Porcelain wine bottle with ten cobalt pigment depicting Chinese Daoist ten symbols of longevity&mdash;sun, cloud, mountain, rock, water, crane, deer, turtle, pine tree, and the mushroom of eternal youth. A blue band rings the foot of the bottle, as well as just below the main register of the body. The ten symbols of longevity design stretches around the bulbous body above, tapering off as the body begins to taper into the tubular neck, culminating in a slightly flared rim.<br />
<br />
This bottle was produced in Bunwon-ri, Gwangju-si, Gyeonggi-do. It is decorated on the entire surface with ten longevity symbols, including deer, pine trees, and cranes, rendered in underglaze cobalt blue. Ten longevity symbols were frequently chosen to decorate the stationery, bottles, and jars produced in the late 19th century at kilns in Bunwon-ri. This is a high-quality white porcelain bottle, with well sintered clay and glaze and outstanding cobalt blue colouring.<br />
[Korean Collection, University of Michigan Museum
Korean (Korean (culture or style))
Wine bottle with Ten Symbols of Longevity design
19th century
Gift of Bruce and Inta Hasenkamp and Museum purchase made possible by Elder and Mrs. Sang-Yong Nam
2004/1.281
A tall glazed and speckled white-blue porcelain offering dish for an altar. The base is a wide, slightly tapered cylinder. The dish a the top is quite wide and shallow until it reaches the point of the base, where there is a deep hole in the cylinder of the base.<br />
<br />
This is a hard-paste cup stand with a glossy surface. It is a high-grade object and was produced at a kiln in Bunwonri, Gwangju-si, Gyeonggi-do. There are fine cracks in one side of its foot.<br />
[Korean Collection, University of Michigan Museum of Art (2014) p.201]
Korean (Korean (culture or style))
Altar Dish
1850 – 1899
Gift of Ok Ja Chang and the Chang Family
2009/2.43
A glazed and speckled porcelain offering dish for an altar. The base is a wide decorated cylinder which tapers sharply into a narrow top. The base supports a wide, shallow bowl.<br />
<br />
This ritual dish was produced at a regional kiln. It is a low-quality object with a rough texture, made from the clay mixed with sand, contaminated with many impurities on the tray. Its glaze is dark with blue-green tints, giving the vessel the appearance of celadon. Its foot has an octagonal cross-section.<br />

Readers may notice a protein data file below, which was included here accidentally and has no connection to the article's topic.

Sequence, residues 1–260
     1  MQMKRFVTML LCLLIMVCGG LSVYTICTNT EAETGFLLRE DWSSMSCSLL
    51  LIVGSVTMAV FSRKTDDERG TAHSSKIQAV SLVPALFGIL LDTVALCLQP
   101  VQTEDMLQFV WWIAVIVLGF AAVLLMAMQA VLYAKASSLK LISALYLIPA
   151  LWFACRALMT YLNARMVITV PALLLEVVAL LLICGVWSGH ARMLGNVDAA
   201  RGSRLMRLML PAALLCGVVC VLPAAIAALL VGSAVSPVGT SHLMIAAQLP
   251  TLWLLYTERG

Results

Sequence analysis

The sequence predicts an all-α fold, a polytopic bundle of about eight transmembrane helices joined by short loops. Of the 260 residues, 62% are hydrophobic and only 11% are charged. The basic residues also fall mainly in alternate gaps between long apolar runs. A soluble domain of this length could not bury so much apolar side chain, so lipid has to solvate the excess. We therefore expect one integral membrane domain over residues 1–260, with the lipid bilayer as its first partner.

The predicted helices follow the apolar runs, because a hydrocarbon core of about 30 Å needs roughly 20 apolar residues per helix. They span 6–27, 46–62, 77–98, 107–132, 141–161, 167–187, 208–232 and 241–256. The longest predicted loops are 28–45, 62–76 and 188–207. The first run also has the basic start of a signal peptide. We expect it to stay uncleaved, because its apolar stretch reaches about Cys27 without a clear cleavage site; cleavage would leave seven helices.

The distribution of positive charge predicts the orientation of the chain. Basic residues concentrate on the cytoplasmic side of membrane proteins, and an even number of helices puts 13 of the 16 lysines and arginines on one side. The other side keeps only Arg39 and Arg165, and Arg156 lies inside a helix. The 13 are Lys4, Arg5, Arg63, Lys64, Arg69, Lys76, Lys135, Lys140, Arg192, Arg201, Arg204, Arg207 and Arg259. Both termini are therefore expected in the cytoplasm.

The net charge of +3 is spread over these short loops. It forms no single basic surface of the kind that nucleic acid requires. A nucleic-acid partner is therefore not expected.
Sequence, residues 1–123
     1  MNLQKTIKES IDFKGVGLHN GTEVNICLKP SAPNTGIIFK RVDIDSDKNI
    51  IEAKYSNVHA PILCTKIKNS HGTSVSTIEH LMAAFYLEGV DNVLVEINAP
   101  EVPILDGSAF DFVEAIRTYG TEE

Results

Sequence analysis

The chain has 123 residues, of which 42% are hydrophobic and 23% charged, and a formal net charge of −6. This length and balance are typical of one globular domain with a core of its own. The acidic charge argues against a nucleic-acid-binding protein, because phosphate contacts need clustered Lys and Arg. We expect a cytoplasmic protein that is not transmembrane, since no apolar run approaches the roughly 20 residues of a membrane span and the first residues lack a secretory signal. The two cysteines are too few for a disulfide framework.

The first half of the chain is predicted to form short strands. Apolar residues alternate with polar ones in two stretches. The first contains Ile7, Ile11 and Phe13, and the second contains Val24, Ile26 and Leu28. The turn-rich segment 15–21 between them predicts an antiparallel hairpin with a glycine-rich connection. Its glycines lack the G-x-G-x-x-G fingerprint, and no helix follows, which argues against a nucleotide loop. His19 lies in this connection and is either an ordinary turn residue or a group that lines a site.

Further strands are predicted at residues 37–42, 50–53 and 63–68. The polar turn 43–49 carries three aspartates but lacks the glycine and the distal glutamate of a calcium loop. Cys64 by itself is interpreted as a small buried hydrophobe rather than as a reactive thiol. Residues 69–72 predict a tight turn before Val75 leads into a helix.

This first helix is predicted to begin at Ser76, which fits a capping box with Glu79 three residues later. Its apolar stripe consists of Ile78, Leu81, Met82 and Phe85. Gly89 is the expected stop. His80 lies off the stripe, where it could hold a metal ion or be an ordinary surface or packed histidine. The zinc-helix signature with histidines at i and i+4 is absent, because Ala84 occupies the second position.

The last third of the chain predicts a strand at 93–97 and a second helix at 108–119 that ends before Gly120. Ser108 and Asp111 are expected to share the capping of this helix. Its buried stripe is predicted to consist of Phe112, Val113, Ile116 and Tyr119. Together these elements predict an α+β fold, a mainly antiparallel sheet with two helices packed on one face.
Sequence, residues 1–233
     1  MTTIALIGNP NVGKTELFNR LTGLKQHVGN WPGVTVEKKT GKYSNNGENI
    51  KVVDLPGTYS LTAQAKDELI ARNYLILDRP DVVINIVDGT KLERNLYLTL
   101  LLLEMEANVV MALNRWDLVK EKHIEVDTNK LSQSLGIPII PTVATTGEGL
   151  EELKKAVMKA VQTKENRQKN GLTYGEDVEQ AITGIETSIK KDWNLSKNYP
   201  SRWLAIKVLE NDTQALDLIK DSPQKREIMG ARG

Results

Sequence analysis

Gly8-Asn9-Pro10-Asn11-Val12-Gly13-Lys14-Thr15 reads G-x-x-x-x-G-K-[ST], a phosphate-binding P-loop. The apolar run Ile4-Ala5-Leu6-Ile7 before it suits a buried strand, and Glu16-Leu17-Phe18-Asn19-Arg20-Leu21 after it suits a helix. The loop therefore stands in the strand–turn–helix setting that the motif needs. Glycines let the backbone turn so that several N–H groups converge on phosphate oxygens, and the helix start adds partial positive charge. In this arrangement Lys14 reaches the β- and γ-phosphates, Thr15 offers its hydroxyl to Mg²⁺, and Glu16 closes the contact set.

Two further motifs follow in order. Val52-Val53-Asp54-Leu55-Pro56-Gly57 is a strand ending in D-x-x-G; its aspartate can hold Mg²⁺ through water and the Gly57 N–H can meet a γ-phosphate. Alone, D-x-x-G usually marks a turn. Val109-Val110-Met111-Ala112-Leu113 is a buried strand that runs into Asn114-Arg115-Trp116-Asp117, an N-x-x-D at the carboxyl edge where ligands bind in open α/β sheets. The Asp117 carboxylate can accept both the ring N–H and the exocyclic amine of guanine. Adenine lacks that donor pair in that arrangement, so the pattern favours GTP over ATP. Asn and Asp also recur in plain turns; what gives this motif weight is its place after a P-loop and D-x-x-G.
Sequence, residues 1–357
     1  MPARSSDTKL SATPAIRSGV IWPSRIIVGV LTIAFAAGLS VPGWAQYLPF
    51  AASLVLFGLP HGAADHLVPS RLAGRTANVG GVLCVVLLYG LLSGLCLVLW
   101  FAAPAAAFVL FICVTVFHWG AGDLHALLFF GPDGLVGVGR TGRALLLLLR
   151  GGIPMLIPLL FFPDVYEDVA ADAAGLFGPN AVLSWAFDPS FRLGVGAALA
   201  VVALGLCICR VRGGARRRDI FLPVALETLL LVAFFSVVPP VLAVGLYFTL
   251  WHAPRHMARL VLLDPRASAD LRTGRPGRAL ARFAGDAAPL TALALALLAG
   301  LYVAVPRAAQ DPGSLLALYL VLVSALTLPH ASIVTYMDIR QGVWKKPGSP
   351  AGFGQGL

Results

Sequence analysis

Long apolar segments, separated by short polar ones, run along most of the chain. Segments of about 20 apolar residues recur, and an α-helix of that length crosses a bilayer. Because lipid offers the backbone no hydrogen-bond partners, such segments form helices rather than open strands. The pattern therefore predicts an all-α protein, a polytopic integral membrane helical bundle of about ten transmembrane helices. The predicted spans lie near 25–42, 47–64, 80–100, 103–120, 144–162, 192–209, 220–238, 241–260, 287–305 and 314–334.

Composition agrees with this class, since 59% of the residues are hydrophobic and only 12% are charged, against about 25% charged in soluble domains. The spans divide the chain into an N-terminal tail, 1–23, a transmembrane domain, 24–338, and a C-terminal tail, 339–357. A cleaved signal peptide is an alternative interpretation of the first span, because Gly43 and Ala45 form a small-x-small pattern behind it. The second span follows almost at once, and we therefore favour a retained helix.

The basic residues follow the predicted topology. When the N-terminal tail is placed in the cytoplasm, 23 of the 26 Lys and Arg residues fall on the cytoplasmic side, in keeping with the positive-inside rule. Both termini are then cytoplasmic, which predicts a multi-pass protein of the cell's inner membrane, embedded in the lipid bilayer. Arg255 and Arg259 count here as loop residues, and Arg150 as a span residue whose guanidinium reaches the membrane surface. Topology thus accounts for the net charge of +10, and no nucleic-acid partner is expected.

[Korean Collection, University of Michigan Museum of Art (2014) p.200]
Korean (Korean (culture or style))
Altar Dish
1850 – 1899
Gift of Ok Ja Chang and the Chang Family
2009/2.47
An earthenware sancai three-color glazed figure of a man wearing a long green robe and tall black hat. He is carrying an amber-glazed rectangular box over the top of an amber-glazed tasseled sash that covers his hands, and is standing on a green- and amber-glazed octagonal dais. His face is painted in polychrome mineral pigments, and his head was sculpted separately from the body.
Chinese (Chinese (culture or style))
Male Attendant
1368 – 1644
Gift of Jiu-Hwa Lo Upshur
2009/2.105A&B
This rectangular vase is decorated in one corber with a wheel or foral design carved into the clay. The opening edges of the vase are not straight, but asymmetrical. The natural ash glaze decorates the vase with varyig shades of gray.
Kōyama Kiyoko
Vase
1995 – 2005
Gift of Lori and David London
2010/1.204
This large jar is ovular in shape, with four lines carved across its horizontal axis periodically. The jar shape turns inward from the third line from the bottom. where the fourth line serves as the base of the neck of the jar opening. The natural ash glaze is not applied evenly, but looks as ip it dripped down the sides of the jar in some areas.
Kōyama Kiyoko
Large Jar
1995 – 2005
Gift of the artist
2010/1.212
This cylindircal jar has a circular lid with a small handle. The natural ash glaze creates a mix of green, black, gray, and reddish hues.
Kōyama Kiyoko
Jar
1995 – 2005
Gift of the artist
2010/1.214